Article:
‘Cybercrimes cut GDP by 2.5 per cent'

‘Cybercrimes cut GDP by 2.5 per cent'

PUNE: Setting the alarm bells ringing over the rising cybercrimes, Lt Gen Rajesh Pant (retd), who is the National Cyber Security Coordinator in the Prime Minister’s Office (PMO), on Monday, said that cybercrimes may take the Indian economy backwards.

“Are we waiting for a cyber earthquake to strike before we get our act together? We are aiming for a 5 trillion dollar economy, which requires a certain rate of growth. However, we are already facing headwinds in the economy. Globally, 2.5 per cent of the GDP is lost to cybercrimes. This is a concern, as the nation, which is facing major headwinds, will find it difficult to achieve the ambition if cybercrimes take the economy backwards,” said Lt Gen Pant while speaking during the inauguration ceremony of International Symposium on Quantum Information Technology (ISQIT 2019).

The event is jointly organised by Defence Institute of Advanced Technology (DIAT), Pune, Defence Research & Development Organization (DRDO) and Joint Advanced Technology Centre (JATC), IIT Delhi.

“Quantum technologies are the new technology frontier,” said Dr CP Ramanarayanan, Vice-Chancellor, DIAT, Pune.

“It harnesses the quantum-mechanical properties at the atomic and sub-atomic level. The physics at this level is drastically different from classical physics and very difficult to comprehend. Quantum technologies can have profound advantages over classical technologies. The classical cryptography, which is based on computational complexity, will be extremely vulnerable with the advent of Quantum computer. This demands a move ahead with quantum cryptography to attain unconditional security. Quantum key distribution can provide unconditionally secure online key exchange for a secure communication, which is of prime importance for security applications and meet the requirements of secure communications. Quantum gravity sensors and inertial navigation system promise much higher resolution, accuracy and stability as compared to its classical counterpart. Quantum imaging has major advantages for defence, medical and fundamental science applications. The stealth technologies will not hold good once the Quantum Radars evolve. In this symposium, the challenges to achieving these endeavours will de be deliberated,” said Dr Ramanarayanan.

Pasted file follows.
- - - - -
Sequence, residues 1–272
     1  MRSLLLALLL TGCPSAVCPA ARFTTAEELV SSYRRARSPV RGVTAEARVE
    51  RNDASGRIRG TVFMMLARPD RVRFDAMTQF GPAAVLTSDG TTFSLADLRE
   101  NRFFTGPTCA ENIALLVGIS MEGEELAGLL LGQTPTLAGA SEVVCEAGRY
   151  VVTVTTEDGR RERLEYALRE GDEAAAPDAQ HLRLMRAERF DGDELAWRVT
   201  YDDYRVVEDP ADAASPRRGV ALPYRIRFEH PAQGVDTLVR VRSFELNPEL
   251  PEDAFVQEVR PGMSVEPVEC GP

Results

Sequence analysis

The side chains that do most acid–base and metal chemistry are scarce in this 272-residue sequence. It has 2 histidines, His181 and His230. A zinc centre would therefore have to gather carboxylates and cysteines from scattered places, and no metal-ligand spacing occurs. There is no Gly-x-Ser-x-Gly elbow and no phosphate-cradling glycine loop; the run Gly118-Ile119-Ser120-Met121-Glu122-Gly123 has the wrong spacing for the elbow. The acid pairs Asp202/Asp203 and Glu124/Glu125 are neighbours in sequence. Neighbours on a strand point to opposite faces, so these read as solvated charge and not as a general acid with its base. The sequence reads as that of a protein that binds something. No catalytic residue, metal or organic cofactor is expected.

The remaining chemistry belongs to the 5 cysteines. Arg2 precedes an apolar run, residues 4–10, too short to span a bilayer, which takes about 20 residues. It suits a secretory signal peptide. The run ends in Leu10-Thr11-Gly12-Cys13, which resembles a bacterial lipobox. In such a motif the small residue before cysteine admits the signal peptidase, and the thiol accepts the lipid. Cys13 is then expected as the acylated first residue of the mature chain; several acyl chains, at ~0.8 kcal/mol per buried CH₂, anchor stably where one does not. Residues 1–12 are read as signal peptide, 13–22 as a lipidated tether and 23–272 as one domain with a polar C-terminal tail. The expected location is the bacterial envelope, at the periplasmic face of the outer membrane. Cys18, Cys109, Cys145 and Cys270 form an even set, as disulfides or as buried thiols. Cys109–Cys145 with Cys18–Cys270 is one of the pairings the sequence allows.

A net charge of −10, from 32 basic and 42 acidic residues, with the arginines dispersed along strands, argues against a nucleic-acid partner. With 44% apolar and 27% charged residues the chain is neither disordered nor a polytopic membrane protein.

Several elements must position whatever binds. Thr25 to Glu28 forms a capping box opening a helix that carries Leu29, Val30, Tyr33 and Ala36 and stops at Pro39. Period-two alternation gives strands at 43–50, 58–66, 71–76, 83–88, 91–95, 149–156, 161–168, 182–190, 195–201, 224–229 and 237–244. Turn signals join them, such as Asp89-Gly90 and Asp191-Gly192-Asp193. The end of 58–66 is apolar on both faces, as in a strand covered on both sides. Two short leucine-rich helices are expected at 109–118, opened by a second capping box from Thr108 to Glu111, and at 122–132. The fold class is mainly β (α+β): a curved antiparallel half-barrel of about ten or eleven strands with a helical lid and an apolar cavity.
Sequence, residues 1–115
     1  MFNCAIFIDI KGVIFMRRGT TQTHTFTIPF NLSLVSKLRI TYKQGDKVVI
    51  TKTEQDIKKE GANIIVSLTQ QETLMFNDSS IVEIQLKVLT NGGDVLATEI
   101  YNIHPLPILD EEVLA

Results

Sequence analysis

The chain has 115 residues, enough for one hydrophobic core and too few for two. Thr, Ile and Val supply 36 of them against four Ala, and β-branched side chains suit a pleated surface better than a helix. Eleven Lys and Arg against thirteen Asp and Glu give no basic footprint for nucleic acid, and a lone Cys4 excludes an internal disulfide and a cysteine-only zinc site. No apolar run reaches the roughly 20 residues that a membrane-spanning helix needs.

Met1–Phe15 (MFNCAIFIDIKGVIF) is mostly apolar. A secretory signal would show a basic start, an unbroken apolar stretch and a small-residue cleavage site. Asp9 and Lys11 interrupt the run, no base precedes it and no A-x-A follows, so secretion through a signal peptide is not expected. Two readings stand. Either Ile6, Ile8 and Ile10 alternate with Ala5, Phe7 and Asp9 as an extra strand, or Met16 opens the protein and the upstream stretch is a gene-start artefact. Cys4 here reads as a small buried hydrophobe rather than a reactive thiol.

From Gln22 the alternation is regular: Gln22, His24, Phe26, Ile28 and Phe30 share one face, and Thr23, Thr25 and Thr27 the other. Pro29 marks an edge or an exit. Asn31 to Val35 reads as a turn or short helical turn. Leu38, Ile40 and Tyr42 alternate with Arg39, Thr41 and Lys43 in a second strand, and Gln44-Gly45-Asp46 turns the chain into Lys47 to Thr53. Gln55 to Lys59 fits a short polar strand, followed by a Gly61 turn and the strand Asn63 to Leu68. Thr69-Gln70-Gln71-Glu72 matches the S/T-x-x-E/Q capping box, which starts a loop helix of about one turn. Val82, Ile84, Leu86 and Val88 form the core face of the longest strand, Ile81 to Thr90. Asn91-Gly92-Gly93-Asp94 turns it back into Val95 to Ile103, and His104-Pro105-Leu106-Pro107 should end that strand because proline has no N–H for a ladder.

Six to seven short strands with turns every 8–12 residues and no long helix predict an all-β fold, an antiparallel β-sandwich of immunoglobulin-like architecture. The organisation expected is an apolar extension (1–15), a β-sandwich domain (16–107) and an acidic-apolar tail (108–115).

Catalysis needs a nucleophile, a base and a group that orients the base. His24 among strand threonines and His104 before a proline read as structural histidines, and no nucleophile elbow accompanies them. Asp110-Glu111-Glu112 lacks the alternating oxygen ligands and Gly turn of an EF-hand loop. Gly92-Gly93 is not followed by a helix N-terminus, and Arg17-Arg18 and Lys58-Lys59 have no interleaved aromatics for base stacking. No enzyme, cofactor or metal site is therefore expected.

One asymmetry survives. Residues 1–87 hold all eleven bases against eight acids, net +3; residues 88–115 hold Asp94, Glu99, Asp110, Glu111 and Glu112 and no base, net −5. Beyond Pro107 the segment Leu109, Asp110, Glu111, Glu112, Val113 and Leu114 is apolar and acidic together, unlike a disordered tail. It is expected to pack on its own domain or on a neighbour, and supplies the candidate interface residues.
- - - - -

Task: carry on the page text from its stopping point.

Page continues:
Lt Gen Pant further remarked, “My concern is of China leading the race. Why am I saying this? Because it has established the first quantum satellite network and distributed entangled photons between three terrestrial base stations separated by 1,200 km. Quantum is at the heart of China’s 13th five-year plan. Chinese dominate in quantum computing patents in the last four years. They are presently building a multi-satellite quantum network national lab.”

The officer also pointed out that global investments in quantum computing are also growing. “US National Quantum Initiative Act has assured USD 1.2 billion, the European Union has assured one billion euros. Canada and Australia are also investing hugely,” he added.

“I find many gaps in the Indian scenario. There is an absence of a quantum roadmap. There is no visibility in quantum efforts and successes. And there is a lack of required skill power. As the National Cyber Security Coordinator, this a cause of concern for me. We have some private companies working on Quantum Key Distribution (QKD) aspect, post-quantum cryptography and Artificial Intelligence (AI) platform on quantum. The DRDO is also doing very significant work as also the Department of Science and Technology, which has launched a quantum enabled science and technology project,” said Lt Gen Pant.

DRDO Chairman G Satheesh Reddy, who was the chief guest, said, “A committee comprising of top officials from IITs, NITs, Central universities and the DRDO has been formed to look into various futuristic areas of research and also identify corresponding institutions where the work is currently on.” Dr Sudhir Kamath, Director General (MED, COS and CS), MH Rahaman, Director JATC-IIT Delhi, representatives from National Security Advisory (NSA) Council and defence services were also present during the event. The organising committee has experts from various DRDO laboratories viz. ANURAG, SAG, CAIR and DYSL-QT, experts from DIAT, TIFR Mumbai, IIT Delhi, IIT Madras and IIIT Pune. 

Dr Santu Sardar, Director of DRDO Lab for Quantum Technology, DYSL-QT, and Co-convenor of this event Dr Manisha J Nene, DIAT, Pune, believes that the event will contribute towards the formulation for future collaborations to progress. There are 11 experts from abroad participating in the symposium.

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